“Endocannabinoids (ECs) are defined as endogenous agonists of cannabinoid receptors type 1 and 2 (CB1 and CB2). ECs, EC anabolic and catabolic enzymes and cannabinoid receptors constitute the EC signalling system. This system participates in the control of lipid and glucose metabolism at several levels, with the possible endpoint of the accumulation of energy as fat.

Following unbalanced energy intake, however, the EC system becomes dysregulated, and in most cases overactive, in several organs participating in energy homeostasis, particularly, in intra-abdominal adipose tissue. This dysregulation might contribute to excessive visceral fat accumulation and reduced adiponectin release from this tissue, and to the onset of several cardiometabolic risk factors that are associated with obesity and type 2 diabetes.

This phenomenon might form the basis of the mechanism of action of CB1 antagonists/inverse agonists, recently developed by several pharmaceutical companies as adjuvants to lifestyle modification for weight reduction, glycaemic control and dyslipidaemia in obese and type 2 diabetes patients.

It also helps to explain why some of the beneficial actions of these new therapeutics appear to be partly independent from weight loss.”

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The endocannabinoid system: a promising target for the management of type 2 diabetes.

“Type 2 diabetes is closely related to abdominal obesity and is generally associated with other cardiometabolic risk factors, resulting in a high incidence of cardiovascular complications.

Several animal and human observations suggest that the endocannabinoid (EC) system is overactivated in presence of abdominal obesity and/or diabetes, and contributes to disturbances of energy balance and metabolism.

Not only it regulates the intake of nutrients through central mechanisms located within the hypothalamus and limbic area, but it also intervenes in transport, metabolism and deposit of the nutrients in the digestive tract, liver, adipose tissue, skeletal muscle, and possibly pancreas.

Activation of both central and peripheral CB1 receptors promotes weight gain and associated metabolic changes. Conversely, rimonabant, the first selective CB(1) receptor antagonist in clinical use, has been shown to reduce body weight, waist circumference, triglycerides, blood pressure, insulin resistance and C-reactive protein levels, and to increase HDL cholesterol and adiponectin concentrations in both non-diabetic and diabetic overweight/obese patients.

Rimonabant was generally well-tolerated, but with a slightly higher incidence of depressed mood disorders, anxiety, nausea and dizziness compared to placebo. New trials are supposed to confirm the potential role of rimonabant (and other CB1 neutral antagonists or inverse agonists) in overweight/obese patients with type 2 diabetes and high risk cardiovascular disease.”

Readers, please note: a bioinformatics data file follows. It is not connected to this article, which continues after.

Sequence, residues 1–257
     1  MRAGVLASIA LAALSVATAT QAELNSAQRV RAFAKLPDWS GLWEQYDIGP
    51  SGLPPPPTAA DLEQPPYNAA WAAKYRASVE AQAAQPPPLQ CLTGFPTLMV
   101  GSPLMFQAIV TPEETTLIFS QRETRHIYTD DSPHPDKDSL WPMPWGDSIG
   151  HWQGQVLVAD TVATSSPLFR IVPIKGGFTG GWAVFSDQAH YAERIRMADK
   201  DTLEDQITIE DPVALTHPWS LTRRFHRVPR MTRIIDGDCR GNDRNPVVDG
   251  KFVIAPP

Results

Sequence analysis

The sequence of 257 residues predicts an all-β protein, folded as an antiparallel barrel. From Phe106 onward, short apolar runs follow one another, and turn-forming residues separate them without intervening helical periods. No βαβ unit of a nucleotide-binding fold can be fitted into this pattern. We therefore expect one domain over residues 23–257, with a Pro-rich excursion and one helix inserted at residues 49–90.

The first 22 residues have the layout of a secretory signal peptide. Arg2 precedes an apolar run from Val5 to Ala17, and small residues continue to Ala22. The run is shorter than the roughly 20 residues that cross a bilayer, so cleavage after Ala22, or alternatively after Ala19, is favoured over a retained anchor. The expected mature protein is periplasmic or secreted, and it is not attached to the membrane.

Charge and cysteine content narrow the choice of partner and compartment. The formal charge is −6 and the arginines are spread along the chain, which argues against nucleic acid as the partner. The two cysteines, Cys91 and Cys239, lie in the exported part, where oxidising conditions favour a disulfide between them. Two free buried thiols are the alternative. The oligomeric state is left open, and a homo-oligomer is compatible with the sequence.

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Role of the endocannabinoid system in management of patients with type 2 diabetes mellitus and cardiovascular risk factors.

“To review the role of the endogenous cannabinoid system (ECS) in the peripheral and central regulation of food intake, appetite, and energy storage and discuss the potential for the ECS to be an important target for lowering cardiovascular risk…

The ECS has been shown to have a key role in the regulation of energy balance, and modulation of this system may affect multiple cardiometabolic risk factors.

Clinical studies involving pharmacologic blockade of CB1 receptors in overweight patients with and without type 2 diabetes have demonstrated effective weight loss and improvements in several risk factors for cardiovascular disease.”

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Modulation of HIVGP120 Antigen-Specific Immune Responses In Vivo by Δ9-Tetrahydrocannabinol.

“Approximately 25 % of HIV patients use marijuana for its putative therapeutic benefit…

Previously, a surrogate in vitro mouse model was established, which induced CD8+ T cell proliferation and gp120-specific IFNγ production. ∆9-Tetrahydrocannabinol (THC), the predominant psychoactive compound in marijuana, suppressed or enhanced the responses depending on the magnitude of cellular activation.

The purpose of the current study was to investigate whether THC produced similar effects in vivo and therefore a mouse model to induce HIVgp120-specific immune responses was established…

Collectively, our findings demonstrate that under certain conditions, THC enhances HIV antigen-specific immune responses, which occurs through CB1/CB2-dependent and -independent mechanisms.”